External Affairs

Nepal Protests India's New Road to Lipulekh; 'Entirely Within Territory,' Responds New Delhi

On Friday, defence minister Rajnath Singh inaugurated by video conference the road between Dharchula to Lipulekh, which will reduce the length of the Kailash Mansarovar Yatra by several days.

New Delhi: Rumblings in Nepal about the boundary with India have now resulted in a full scale eruption since India inaugurated a new road in Uttarakhand which leads to territory that is claimed by Kathmandu, near the border with China.

On Friday, defence minister Rajnath Singh inaugurated by video conference the road between Dharchula to Lipulekh, which will reduce the length of the Kailash Mansarovar Yatra by several days.


Nepal opposition leaders immediately raised the pitch, asking for the government to clear its public stance.

A day later, Nepal foreign ministry expressed “regret” at India’s “unilateral act” and called upon India to refrain from carrying out any activity on Nepalese territory.

In a lengthy statement, Nepal foreign ministry reminded that Nepal claims all territories east of Mahakali river, “including Limpiyadhura, Kalapani and Lipu Lekh” as per the 1816 Sugauli Treaty.

“This was reiterated by the Government of Nepal several times in the past and most recently through a diplomatic note addressed to the Government of India dated 20 November 2019 in response to the new political map issued by the latter,” it said.

The context of the last diplomatic note is that months ago, India had issued a new political map to show the bifurcation of Jammu and Kashmir into two new Union Territories. In it, it depicted Kalapani as part of Indian territory, which led to a strong objection from Nepal.

It further pointed out that when India and China had agreed to include Lipu Lekh pass as a bilateral trade route in a May 2015 joint statement, Nepal had issued separate diplomatic protest notes to the two Asian giants for not obtaining Kathmandu’s consent.

On the latest move, Nepal stated:

“This unilateral act runs against the understanding reached between the two countries including at the level of Prime Ministers that a solution to boundary issues would be sought through negotiation”.

Stating that Nepal sought a diplomatic solution in the spirit of friendly relations, the foreign ministry asserted:

“In light of this development, the Government of Nepal calls upon the Government of India to refrain from carrying out any activity inside the territory of Nepal”.

The Kathmandu Post had reported that Nepalese foreign secretary Shankar Das Bairagi spoke with Indian ambassador Vinay Kwatra on Friday. 

The statement issued in Kathmandu also reiterated that Nepal had twice proposed dates for holding meeting between the foreign secretaries of the two sides after the Kalapani controversy gathered momentum last year. 

Also read: Nepal Fumes Over Kalapani in New Indian Road Map; ‘Accurate,’ Says MEA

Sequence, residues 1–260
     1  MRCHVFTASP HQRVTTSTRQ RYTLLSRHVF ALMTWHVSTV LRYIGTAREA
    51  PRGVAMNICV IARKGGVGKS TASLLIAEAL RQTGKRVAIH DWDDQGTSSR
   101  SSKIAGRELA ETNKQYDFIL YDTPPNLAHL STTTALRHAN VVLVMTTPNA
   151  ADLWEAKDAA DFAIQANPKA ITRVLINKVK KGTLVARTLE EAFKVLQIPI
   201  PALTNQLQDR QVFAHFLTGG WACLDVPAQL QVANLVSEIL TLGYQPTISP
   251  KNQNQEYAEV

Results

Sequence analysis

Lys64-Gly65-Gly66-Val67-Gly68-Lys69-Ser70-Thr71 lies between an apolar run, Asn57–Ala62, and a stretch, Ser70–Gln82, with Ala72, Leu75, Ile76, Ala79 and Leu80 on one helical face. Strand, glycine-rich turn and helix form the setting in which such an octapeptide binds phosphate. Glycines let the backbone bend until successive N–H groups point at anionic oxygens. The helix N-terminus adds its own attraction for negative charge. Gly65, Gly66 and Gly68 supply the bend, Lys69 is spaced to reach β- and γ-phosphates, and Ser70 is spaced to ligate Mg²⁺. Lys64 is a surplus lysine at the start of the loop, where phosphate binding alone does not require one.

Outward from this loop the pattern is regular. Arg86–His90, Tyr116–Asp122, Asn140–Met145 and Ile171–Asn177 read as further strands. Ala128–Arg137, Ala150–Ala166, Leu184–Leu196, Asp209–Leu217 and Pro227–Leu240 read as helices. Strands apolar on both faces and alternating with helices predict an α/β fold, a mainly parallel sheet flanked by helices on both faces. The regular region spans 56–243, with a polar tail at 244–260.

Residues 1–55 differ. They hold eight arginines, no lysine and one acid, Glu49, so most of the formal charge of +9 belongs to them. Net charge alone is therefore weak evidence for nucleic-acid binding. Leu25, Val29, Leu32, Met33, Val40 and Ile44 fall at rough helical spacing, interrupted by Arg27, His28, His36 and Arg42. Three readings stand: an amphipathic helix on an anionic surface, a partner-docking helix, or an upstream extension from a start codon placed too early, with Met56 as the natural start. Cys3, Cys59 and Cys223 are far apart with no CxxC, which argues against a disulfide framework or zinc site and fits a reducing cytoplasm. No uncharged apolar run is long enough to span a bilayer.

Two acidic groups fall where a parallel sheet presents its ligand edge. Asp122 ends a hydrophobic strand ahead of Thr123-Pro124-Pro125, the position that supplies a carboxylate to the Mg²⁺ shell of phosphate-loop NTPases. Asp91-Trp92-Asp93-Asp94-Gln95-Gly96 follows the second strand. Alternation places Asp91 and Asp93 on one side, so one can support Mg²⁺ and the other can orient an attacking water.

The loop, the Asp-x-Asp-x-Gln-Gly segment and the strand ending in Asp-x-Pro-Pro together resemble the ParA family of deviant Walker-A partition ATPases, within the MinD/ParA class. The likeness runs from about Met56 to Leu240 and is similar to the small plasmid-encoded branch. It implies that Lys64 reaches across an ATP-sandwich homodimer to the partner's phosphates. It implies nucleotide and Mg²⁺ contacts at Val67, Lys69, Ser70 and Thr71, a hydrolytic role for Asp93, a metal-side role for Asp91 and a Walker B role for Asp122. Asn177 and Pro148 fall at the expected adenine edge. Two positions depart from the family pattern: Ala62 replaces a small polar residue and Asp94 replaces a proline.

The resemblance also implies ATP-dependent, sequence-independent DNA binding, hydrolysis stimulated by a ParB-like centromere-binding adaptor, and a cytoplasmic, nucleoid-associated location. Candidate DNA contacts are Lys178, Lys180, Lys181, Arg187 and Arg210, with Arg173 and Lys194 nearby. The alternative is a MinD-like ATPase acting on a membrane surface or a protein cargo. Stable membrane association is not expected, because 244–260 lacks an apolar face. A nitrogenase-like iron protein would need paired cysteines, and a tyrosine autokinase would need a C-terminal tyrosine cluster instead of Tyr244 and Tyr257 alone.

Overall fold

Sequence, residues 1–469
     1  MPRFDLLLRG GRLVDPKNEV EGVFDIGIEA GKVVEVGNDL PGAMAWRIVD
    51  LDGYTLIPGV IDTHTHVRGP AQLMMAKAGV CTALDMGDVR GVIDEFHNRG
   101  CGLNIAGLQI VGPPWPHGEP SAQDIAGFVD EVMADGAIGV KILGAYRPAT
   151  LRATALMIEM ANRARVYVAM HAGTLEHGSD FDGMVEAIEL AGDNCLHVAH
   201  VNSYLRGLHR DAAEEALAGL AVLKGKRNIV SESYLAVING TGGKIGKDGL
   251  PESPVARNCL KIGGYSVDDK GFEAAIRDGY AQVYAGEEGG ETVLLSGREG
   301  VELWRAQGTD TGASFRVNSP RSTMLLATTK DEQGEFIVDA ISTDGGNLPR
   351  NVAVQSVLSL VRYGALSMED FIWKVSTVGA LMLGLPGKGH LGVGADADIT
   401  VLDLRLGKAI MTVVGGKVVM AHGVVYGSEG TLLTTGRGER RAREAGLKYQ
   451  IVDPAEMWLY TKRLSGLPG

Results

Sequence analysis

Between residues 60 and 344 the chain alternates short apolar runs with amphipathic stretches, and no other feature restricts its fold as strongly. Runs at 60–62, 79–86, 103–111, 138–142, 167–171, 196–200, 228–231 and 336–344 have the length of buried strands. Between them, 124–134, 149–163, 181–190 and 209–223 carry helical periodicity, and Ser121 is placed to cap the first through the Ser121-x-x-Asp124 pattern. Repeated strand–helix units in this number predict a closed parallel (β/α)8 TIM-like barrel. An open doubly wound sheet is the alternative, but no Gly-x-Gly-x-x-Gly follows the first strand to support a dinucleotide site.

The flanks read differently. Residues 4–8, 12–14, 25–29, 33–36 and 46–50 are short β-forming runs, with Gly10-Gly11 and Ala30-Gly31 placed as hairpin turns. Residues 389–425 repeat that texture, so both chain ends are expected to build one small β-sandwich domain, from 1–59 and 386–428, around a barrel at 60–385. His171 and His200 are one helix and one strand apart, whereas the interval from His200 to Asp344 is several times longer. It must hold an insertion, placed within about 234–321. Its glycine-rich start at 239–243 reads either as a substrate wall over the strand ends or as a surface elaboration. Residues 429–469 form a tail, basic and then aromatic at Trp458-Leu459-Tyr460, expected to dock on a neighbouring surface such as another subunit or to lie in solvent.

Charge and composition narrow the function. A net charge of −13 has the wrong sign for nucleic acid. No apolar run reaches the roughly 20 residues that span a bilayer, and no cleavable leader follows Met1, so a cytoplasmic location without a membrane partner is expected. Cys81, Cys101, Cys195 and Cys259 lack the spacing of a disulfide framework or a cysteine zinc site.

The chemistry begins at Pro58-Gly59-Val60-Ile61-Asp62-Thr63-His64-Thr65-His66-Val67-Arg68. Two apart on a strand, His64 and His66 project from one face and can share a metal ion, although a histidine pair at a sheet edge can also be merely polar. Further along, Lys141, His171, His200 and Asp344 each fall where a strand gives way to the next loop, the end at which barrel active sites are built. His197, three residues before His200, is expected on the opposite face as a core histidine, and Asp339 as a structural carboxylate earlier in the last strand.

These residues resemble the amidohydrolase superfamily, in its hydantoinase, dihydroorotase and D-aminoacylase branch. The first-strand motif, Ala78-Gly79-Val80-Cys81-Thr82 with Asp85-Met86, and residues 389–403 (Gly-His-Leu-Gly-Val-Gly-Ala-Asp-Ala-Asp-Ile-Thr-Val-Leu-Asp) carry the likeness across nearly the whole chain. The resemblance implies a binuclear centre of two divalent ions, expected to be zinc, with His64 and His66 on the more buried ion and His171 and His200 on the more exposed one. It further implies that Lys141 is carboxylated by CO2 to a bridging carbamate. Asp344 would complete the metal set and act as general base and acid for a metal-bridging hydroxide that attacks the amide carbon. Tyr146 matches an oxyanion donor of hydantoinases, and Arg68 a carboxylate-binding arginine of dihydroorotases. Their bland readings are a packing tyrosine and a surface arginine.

Nepal foreign minister Pradeep Gyawali had told visiting Indian journalists in February that if India could solve long-standing and complex boundary disputes with Bangladesh, then it should be able to do so with Nepal.

He had also highlighted that India had still not given a concrete response for a meeting of the two foreign secretaries.

Late evening, India’s Ministry of External Affairs responded that the road section “lies entirely within the territory of India”.

“Under the present project, the same road has been made pliable for the ease and convenience of pilgrims, locals and traders,” said MEA spokesperson Anurag Srivastava.

He added that both countries have an established mechanism on boundary matters and that the delineation of the boundary was still an “ongoing process”. “India is committed to resolving outstanding boundary issues through diplomatic dialogue and in the spirit of our close and friendly bilateral relations with Nepal,” stated Srivastava.

On the demand for a meeting of foreign secretaries, he said that the meeting will be held “once the dates are finalised between the two sides after the two societies and governments have successfully dealt with the challenge of COVID-19 emergency”.

Indicating its annoyance, the foreign ministry’s statement today also brought up the lack of progress in completing the submission of the report of the Eminent Persons Group on Nepal India relations.

The report had been finalised in mid-2018, but has still not been formally submitted. Both countries had agreed that the report would be made public after the EPG members would hand over the report personally to the two prime ministers. However, the Indian prime minister has not given an appointment to the EPG in the last two years, for the ceremony.

“The Group has concluded its task and prepared a consensus report. The Government of Nepal is ready to receive the report and believes that it will be in the interest of the two countries to implement its recommendations which will also help address the outstanding issues left by the history, thereby paving the way for ever stronger neighbourly relations,” said the Nepalese foreign minister.

While India responded to both the Lipulekh matter and demand for meeting of foreign secretaries, the MEA spokesperson was silent on Nepal raising the issue of the finalisation of the EPG report.